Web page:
Pampers partnered with UNICEF for the “1 Pack = 1 Vaccine” campaign, which aimed to eliminate maternal and neonatal tetanus (MNT) worldwide. For every pack of Pampers diapers purchased, a portion of the proceeds went towards funding vaccines to protect mothers and babies from tetanus. Through this campaign, Pampers raised awareness about the importance of immunisation and helped prevent maternal and neonatal deaths caused by tetanus in developing countries.

Nurofen’s ‘Gender Pain Gap’ Campaign

Nurofen’s award-winning integrated campaign aimed to get women diagnosed and treated sooner through a data-led TV, OOH print and digital approach.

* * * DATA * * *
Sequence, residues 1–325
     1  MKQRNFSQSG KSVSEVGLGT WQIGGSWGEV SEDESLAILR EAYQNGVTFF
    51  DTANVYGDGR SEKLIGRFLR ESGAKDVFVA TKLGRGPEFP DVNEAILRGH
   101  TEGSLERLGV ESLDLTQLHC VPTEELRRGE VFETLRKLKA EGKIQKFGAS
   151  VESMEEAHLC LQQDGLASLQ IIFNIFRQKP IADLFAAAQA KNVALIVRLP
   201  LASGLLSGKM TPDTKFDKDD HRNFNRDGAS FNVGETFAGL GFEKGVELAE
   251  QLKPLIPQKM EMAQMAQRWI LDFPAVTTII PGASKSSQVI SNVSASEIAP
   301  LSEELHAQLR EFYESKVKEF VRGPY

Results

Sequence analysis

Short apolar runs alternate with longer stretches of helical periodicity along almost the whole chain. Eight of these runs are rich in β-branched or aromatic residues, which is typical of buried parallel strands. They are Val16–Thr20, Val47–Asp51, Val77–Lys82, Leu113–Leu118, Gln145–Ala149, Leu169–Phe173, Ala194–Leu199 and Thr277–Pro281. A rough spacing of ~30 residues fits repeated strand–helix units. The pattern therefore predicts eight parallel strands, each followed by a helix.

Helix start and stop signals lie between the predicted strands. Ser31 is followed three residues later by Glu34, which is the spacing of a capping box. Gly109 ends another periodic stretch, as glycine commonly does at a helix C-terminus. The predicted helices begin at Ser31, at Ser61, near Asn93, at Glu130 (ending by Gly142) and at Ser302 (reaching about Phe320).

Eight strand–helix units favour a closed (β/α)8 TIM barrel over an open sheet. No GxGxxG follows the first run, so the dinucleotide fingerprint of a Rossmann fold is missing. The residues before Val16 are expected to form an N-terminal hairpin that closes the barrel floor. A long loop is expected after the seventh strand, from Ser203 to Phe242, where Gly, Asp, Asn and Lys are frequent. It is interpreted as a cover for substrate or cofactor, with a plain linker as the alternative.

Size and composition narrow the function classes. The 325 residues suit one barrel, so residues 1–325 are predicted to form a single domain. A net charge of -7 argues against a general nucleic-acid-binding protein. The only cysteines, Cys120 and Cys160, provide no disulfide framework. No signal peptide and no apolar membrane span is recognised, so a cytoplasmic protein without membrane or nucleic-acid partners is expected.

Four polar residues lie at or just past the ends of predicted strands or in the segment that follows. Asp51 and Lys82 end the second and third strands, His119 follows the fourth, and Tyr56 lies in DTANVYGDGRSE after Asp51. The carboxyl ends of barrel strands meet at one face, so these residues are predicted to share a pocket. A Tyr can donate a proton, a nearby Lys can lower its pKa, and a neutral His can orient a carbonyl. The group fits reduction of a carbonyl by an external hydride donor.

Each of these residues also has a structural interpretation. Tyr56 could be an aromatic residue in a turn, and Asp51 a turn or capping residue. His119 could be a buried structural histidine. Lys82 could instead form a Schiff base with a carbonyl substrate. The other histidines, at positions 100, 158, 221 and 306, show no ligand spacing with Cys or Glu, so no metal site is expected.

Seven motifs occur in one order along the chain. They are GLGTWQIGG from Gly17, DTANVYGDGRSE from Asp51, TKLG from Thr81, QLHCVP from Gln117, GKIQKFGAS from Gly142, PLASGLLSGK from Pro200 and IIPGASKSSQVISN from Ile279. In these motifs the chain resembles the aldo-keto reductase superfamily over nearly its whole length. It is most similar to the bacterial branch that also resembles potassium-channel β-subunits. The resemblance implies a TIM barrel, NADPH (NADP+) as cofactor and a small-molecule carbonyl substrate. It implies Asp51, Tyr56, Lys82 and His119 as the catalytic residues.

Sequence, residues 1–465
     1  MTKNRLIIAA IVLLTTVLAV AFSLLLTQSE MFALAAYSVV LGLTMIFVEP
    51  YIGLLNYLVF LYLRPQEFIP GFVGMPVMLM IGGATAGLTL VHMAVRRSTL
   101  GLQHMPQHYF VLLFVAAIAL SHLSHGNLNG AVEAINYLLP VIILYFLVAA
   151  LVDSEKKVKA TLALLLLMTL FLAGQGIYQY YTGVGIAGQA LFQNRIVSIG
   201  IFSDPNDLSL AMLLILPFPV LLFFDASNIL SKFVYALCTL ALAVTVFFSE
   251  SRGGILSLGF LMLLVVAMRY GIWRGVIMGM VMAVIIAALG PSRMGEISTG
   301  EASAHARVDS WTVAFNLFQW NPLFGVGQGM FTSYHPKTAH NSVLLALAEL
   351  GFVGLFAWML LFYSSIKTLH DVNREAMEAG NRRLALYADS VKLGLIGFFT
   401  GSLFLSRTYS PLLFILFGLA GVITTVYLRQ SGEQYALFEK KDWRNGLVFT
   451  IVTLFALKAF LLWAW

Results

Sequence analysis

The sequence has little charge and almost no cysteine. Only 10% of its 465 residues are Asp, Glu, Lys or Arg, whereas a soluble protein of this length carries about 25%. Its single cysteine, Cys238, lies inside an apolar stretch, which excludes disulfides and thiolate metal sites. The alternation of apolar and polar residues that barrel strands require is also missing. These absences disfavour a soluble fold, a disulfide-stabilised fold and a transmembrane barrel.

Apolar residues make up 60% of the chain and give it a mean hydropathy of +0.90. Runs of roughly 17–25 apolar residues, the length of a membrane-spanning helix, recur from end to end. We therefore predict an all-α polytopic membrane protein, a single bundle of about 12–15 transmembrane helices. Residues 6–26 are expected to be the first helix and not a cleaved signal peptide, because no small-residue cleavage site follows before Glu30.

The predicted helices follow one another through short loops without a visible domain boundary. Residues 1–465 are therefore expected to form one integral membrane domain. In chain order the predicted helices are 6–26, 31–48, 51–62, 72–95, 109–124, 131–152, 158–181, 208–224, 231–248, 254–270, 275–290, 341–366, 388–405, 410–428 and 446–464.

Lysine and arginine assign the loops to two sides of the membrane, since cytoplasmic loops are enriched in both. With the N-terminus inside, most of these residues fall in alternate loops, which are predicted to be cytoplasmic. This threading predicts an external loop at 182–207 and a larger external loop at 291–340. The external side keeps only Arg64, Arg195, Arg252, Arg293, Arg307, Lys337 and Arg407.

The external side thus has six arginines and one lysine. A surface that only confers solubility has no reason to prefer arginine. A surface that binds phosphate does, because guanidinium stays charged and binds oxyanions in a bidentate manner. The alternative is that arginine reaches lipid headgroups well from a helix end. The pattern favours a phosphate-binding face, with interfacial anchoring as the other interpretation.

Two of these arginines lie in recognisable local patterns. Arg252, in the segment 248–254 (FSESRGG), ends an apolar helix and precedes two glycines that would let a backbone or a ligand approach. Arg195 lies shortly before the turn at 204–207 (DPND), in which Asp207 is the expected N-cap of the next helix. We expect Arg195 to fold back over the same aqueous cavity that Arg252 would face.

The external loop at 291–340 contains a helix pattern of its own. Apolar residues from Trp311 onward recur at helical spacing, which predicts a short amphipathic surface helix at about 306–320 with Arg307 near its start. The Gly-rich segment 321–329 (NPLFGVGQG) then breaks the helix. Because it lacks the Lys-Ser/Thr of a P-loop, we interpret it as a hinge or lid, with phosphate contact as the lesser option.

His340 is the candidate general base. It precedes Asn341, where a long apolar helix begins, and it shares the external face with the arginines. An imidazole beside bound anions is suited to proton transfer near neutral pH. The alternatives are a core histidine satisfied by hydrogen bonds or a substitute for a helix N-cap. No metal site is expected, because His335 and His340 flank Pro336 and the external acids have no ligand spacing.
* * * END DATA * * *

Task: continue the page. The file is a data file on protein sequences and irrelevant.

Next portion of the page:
As part of the campaign (which included a series of industry-first commitments including pioneering gender balance in clinical trials, new research grants, and gender bias training in leading pharmacy chains in the UK for 10,000 healthcare professionals), Nurofen launched the Pain Pass, an easy-to-use tool to empower women to have more effective conversations with healthcare providers.

In order to ensure the tool was available at the point of need, Reckitt and the Nurofen team employed the full force of our national network of leaflet racks. This meant millions of patients had access to the tool before entering a F2F consultation with a healthcare professional.  Nurofen also used our poster network in 2,000 sites, which raised further awareness of the PASS acronym as well as signposting patients to the tool in the waiting room rack.